Happy TG to you to Fred.
  • fredvhfredvh Posts: 853
    I am debating between the Camry or the ES330. I am curious to see the new Camry in the spring too. Too many decisions to make. Did you consider the ES330 too before you purchased the Camry SE?
  • lmacmillmacmil Posts: 1,756
    No, I didn't consider the ES330. To me, it did not offer enough extra value to offset the price premium. If I was in the market today, I would definitely wait until the new Camry comes out in the spring. It looks very nice in the pictures.
  • habitat1habitat1 Posts: 4,282
    I think it is a misconception that the lower the RPM's at highway speeds, the better the gas mileage.

    I have discussed this issue with a friend who holds a Masters in ME from Duke and has been a car nut for 25 years on the side. As he explains it, every engine has a sweet spot in terms of efficiency that usually coincides with the point at which torque is sufficient to maintain a cruising speed without requiring excessive fule input or, in the case of an automatic, shifting to deal with hills, wind, tire friction, etc.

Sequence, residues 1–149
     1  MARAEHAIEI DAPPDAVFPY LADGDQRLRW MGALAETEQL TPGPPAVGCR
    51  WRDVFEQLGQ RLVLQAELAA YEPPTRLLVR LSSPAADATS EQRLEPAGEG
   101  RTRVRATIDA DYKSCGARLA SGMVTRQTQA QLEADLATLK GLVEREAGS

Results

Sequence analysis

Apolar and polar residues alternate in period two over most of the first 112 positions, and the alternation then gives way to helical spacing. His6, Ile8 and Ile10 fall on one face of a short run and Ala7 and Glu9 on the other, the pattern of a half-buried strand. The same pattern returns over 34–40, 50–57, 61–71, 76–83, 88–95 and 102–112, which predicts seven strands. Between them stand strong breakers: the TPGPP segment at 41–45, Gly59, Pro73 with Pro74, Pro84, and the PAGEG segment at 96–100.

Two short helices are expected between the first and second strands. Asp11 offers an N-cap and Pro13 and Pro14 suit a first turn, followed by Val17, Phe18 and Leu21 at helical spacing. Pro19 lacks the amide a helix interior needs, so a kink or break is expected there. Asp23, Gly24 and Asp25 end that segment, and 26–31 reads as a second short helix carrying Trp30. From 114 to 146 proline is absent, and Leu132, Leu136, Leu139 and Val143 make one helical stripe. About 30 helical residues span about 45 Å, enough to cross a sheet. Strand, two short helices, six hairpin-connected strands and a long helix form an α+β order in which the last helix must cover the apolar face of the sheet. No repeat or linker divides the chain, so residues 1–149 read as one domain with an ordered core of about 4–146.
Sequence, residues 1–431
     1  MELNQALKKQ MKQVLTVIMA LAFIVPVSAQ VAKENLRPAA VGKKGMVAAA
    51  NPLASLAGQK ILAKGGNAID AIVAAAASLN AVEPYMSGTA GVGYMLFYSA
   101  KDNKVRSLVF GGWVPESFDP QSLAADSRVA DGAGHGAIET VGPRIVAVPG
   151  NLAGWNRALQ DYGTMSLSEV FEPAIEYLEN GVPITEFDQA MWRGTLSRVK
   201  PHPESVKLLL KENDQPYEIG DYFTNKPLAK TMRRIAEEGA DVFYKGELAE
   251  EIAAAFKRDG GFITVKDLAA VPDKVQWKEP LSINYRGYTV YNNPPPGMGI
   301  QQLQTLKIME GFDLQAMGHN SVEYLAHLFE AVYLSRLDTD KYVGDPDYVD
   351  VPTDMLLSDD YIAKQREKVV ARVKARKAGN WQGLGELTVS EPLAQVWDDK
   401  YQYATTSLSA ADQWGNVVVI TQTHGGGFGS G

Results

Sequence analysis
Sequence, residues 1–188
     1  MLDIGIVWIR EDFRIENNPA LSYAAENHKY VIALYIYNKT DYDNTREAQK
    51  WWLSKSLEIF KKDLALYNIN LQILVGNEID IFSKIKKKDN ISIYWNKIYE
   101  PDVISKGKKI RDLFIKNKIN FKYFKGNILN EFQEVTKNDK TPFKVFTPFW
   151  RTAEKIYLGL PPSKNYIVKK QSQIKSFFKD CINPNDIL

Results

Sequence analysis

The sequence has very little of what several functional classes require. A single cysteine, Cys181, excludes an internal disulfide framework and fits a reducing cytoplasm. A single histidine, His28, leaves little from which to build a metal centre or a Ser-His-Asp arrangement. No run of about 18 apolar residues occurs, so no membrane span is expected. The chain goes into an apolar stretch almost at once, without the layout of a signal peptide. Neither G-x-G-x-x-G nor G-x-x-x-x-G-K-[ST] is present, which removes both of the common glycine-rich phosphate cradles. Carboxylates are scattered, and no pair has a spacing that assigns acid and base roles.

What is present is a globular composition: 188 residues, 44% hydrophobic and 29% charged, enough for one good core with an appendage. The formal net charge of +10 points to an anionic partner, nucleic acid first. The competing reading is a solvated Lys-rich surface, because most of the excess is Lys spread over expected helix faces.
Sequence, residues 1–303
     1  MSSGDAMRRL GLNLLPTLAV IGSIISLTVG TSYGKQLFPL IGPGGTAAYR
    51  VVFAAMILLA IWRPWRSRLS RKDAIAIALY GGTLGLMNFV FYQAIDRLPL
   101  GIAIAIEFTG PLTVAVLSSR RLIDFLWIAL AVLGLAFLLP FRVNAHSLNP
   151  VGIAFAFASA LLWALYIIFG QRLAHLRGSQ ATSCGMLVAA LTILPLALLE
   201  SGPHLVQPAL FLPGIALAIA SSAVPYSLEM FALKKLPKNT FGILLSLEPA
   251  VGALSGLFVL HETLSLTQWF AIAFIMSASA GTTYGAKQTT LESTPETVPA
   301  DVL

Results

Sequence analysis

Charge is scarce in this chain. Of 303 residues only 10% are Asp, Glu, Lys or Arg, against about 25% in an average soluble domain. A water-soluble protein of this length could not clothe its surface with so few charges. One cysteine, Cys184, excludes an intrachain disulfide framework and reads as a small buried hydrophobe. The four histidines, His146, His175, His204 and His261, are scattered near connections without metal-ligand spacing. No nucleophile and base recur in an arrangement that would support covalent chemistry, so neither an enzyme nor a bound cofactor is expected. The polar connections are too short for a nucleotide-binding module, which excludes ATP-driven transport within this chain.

Anecdotally, my last several cars show a big variation between EPA highway estimate, actual highway mileage and RPM's:

    1995 Nissan Maxima (5 speed): EPA 27; Actual 28-29; RPM's at 70 mph = 2,850.

    2002 Honda S2000 (6-speed): EPA 26; Actual 29-32; RPM's at 70 mph = 3,850.

    2004 Acura TL (6-speed): EPA 30; Actual 28-29; RPM's at 70 mph = 2,200.

    2005 Porsche 911S (6-speed): EPA 26; Actual 25-26; RPM's at 70 mph = 2,750.

    As you can see from the above, the TL has the best highway rating, probably due to the testing methods and the low 2,200 RPM's, but in actuality is the worst performer in that it rarely gets its EPA estimate. The Honda S2000 is tied for the worst EPA highway estimate with the 911, but got far better than all others spinning away at over 4,000 rpm at 75mph.

    Bottom line is that low RPM's appear more correlated to good EPA estimates, but inversely proportional to the ability to achieve them in real world driving, at least in the cars I've owned.
  • lmacmillmacmil Posts: 1,756
    The problem with anecdotal evidence is that you can prove just about anything with a carefully selected sample. ;)

    Here's mine:

    2000 Olds Intrigue, EPA 28, actual 28-30, RPMs @ 70 = 2000

    2005 Camry SE-V6, EPA 29, actual 26-27, RPMs @ 70 = 2400

    Since these are similar size cars with similar size engines, actual mileage appears very well correlated to engine speed. I suspect the Olds engine has a broader torque curve and was therefore able to run efficiently at a lower rpm. The sweet spot comment probably applies in this case.